4. There is a black moment. Black as in emotionally speaking, not black as in the involvement of any African-American characters (please reference our bylaws section on how to portray any "colored" characters in romance novels) or black as in the absence of light in any room where certain premarital monkey business may happen. Also, no one should be naked or touching before, during or after this time. Remember, vows have not yet been exchanged.

5. The hero and the heroine bravely navigate through the (emotional) black moment, resolve their conflict, and reaffirm the power of love. They may share one soulful kiss at this point in the book, as long as there are no tongues or lower extremities touching.

6. The hero marries the heroine (in church), and takes her on an expensive and wildly romantic honeymoon on a completely deserted island somewhere in the South Pacific where no one will know that they're Doing It. The book should end before the wedding night begins, but a very brief fade-to-black scene that shows the hero only manfully but gently carrying the heroine into the beautiful chamber of consecrated marital bliss is acceptable here. Just assure that your author goes no further with it than the door to said chamber.

As a publisher of alleged romantic fiction, it is your responsibility to provide quality romances for today's readers. The Sisters of the Immaculate Love Scene are happy to assist you in that goal.

You will naturally have to first weed out the authors whom we have already deemed as unworthy smut mongers and prevented from being awarded any RWA honors. Repeat offenders, such as that shameless hussy Alison Kent, must be fired immediately.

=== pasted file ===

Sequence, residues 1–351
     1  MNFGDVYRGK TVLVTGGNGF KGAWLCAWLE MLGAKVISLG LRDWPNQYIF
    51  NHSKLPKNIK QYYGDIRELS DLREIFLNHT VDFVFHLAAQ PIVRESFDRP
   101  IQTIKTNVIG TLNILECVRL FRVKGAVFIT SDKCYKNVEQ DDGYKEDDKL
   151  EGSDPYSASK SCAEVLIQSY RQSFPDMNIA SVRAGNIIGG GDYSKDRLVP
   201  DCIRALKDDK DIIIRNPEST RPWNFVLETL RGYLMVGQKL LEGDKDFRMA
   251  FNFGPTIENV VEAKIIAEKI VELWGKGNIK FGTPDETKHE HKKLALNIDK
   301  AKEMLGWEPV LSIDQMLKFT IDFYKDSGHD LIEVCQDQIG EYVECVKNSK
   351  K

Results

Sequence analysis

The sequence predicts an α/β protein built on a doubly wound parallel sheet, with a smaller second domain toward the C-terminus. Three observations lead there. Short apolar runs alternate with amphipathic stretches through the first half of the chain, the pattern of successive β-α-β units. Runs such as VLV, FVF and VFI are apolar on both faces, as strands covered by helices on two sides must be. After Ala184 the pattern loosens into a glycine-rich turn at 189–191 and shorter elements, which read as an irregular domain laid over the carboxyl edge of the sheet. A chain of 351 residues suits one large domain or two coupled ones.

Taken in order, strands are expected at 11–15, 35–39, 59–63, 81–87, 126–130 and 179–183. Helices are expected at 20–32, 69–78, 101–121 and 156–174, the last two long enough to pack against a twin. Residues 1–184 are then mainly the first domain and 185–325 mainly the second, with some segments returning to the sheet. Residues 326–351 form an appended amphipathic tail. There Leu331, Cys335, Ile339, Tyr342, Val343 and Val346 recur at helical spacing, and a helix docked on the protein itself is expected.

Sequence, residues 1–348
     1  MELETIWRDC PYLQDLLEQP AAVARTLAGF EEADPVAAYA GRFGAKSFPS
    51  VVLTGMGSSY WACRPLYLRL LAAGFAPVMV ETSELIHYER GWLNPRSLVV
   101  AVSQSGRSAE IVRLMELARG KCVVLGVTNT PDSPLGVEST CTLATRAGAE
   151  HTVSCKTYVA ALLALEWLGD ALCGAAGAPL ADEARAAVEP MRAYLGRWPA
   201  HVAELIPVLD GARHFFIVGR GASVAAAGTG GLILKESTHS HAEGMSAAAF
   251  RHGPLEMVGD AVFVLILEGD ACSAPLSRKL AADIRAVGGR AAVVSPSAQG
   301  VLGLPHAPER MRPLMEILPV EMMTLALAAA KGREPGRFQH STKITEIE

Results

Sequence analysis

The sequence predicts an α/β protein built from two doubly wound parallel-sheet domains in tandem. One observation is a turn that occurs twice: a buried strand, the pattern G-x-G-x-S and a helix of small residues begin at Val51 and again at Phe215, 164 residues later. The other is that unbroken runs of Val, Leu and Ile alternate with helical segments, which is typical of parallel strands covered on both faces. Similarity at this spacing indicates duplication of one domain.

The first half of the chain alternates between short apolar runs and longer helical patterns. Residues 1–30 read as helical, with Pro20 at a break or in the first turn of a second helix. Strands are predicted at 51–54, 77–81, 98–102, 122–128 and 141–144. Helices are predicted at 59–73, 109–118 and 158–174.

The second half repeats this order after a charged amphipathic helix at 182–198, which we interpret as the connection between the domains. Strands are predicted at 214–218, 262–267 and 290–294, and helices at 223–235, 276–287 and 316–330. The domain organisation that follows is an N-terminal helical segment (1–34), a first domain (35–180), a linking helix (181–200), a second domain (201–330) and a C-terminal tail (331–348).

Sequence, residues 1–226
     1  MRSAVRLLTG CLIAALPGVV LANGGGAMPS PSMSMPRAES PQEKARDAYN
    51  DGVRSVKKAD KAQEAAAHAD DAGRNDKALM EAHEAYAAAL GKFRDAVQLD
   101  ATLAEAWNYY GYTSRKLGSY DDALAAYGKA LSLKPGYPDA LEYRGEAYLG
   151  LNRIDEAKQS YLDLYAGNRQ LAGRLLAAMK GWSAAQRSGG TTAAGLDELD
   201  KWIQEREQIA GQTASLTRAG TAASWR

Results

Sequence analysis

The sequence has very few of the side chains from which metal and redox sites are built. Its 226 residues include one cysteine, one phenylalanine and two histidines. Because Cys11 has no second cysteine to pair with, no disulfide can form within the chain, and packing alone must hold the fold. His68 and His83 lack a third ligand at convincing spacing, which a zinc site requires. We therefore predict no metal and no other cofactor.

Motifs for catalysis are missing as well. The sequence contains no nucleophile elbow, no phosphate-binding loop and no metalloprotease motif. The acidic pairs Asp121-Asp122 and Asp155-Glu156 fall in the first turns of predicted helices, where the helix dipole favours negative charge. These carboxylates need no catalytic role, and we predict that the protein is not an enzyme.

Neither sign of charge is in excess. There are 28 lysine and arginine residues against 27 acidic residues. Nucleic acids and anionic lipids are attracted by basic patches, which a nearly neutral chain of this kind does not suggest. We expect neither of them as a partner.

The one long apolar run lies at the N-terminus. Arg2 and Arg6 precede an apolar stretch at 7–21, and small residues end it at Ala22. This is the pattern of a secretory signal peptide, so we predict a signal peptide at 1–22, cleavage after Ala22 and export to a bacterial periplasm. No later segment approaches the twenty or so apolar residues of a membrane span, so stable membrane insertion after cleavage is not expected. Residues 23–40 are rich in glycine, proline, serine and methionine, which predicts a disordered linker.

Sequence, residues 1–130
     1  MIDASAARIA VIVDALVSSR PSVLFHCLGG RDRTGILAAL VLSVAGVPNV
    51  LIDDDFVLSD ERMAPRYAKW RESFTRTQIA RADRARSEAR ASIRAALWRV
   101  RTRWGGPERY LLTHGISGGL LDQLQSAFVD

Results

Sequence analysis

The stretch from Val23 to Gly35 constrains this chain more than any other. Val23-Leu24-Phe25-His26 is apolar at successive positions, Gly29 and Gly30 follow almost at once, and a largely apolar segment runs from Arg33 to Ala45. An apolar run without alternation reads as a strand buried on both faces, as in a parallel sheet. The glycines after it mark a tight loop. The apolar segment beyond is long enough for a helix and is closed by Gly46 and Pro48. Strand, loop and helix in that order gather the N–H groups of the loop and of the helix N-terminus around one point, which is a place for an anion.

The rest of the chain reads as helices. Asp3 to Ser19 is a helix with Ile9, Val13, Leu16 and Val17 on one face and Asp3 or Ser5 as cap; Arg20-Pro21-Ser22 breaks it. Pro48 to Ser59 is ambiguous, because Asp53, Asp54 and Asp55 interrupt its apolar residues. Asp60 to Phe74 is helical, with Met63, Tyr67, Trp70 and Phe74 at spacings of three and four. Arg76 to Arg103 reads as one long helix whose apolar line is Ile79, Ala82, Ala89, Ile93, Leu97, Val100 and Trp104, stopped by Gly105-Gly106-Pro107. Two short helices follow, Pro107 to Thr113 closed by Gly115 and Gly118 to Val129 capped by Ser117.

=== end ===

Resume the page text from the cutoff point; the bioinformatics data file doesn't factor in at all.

As for specific books, your entire BLAZE line has to go. We're very sorry that you will lose the entire imprint, but good riddance to bad rubbish. Just throw all the books in the corporate incinerator now; you'll feel so much better. Once you have removed this filth from the shelves, please discontinue printing any other novels until we have finished reviewing your other lines and can advise you on what else to burn.

As for Ms. Notaprude, we are petitioning to have her membership in RWA revoked. She does not write romances, therefore, she should not be a member of our beloved organization. We will pray for her. Maybe.

Good luck, and crank up that incinerator,
The Sisters of the Immaculate Love Scene


  1. Anonymous12:05 AM

    Oooh, snap! This was great. I wish you could cross-post this over at Romancing the Blog. (Maybe Kate has some pull over there . . . ?)

    -- Too bad it's TRUE. And they wonder why the number of entrants for the RITAs are Dropping?

    -- Morgan Hawke
    Enthusiastic Smut Monger

  3. Blaze? What about Spice? SOILS ain't gonna be real pleased with them!

  4. O. Henry.
    When smut's to be smitten,
    Smoot will smite...

  5. We laugh and snicker, but there is a cyclic character to the way genres evolve. Just because a few romance editors are seeking erotica now, doesn’t mean they won’t buy more, ah, “wholesome” stuff in a few years. And you think the “cleaner” romance doesn’t sell? Think again. Look at Lori Handeland’s Luchetti series. Or, for that matter, look at Danielle Steele.